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Nigeria loses $1.9 bln to foreign ship owners as NNPC moves to support local fleet

By on December 4, 2020 0 153 Views

The Nigerian National Petroleum Corporation (NNPC) would support indigenous shipping firms to enjoy greater patronage and participation in the oil and gas maritime business, as it was revealed that Nigeria is losing $1.9 billion to foreign ship owners annually due to low patronage locally.

According to the chief executive officer of the state-owned oil firm Mele Kyariw, with the scale of the corporation’s activities in the maritime sector, NNPC would get more active in the affairs of the fleet management with a view to strengthening the synergy between the oil firm and the private sector.

Kyari, who was responding to an appeal by the Nigerian Fleet Implementation Committee of the Nigerian Shippers’ Council (NSC) said NNPC will take more than passing interest in the activities of the local fleet management committee.

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“We believe in this process, we will ensure that Nigerian ships enjoy a greater patronage in the business henceforth.”

As the major importer of refined petroleum products such as petrol, diesel and kerosene into Nigeria, many NNPC subsidiaries are involved in large-scale shipping operations.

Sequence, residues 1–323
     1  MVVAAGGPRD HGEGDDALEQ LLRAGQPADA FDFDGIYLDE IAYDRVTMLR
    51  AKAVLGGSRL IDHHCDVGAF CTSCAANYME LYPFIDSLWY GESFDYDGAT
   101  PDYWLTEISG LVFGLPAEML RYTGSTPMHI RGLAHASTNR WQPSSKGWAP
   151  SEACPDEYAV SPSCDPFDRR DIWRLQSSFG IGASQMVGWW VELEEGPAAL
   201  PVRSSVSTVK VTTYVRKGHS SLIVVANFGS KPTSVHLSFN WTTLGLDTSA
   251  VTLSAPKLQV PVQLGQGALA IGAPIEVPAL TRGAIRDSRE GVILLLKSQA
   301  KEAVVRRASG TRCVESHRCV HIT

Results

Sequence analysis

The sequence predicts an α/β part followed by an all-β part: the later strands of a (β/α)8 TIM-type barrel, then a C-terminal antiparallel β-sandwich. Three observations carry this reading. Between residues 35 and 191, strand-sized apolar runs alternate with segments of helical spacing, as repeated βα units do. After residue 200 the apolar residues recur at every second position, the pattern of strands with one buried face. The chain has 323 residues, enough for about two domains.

Earlier, Chairman of the Nigerian Fleet Implementation Committee, Hassan Bello told the NNPC chief that the country is losing $1.9 billion to foreign ship owners annually due to local patronage of local fleets.

The shippers’ council committee boss appealed to NNPC’s Group Managing Director to encourage subsidiaries of the oil firm to always engage indigenous shipping companies in their businesses.

He urged NNPC to grant local shipping companies the right of first refusal in crude oil lifting contracts, saying it would help grow the economy and sustain their businesses.

Bello told Kyari that the committee was set up three years ago by the Federal Ministry of Transportation with a mandate to promote Nigerian ownership of ships and vessels.

This, he said, would enable local companies take control of the shipping business which was in line with the economic diversification policy of the Federal Government.

Nigeria had enacted the cabotage law and the local content regulation as part of measures to boost patronage of local shipping company participation in the maritime business.

However, it was said that many indigenous shipping companies lack the required capacity and technical know-how to handle some of the cargoes emanating from the country.

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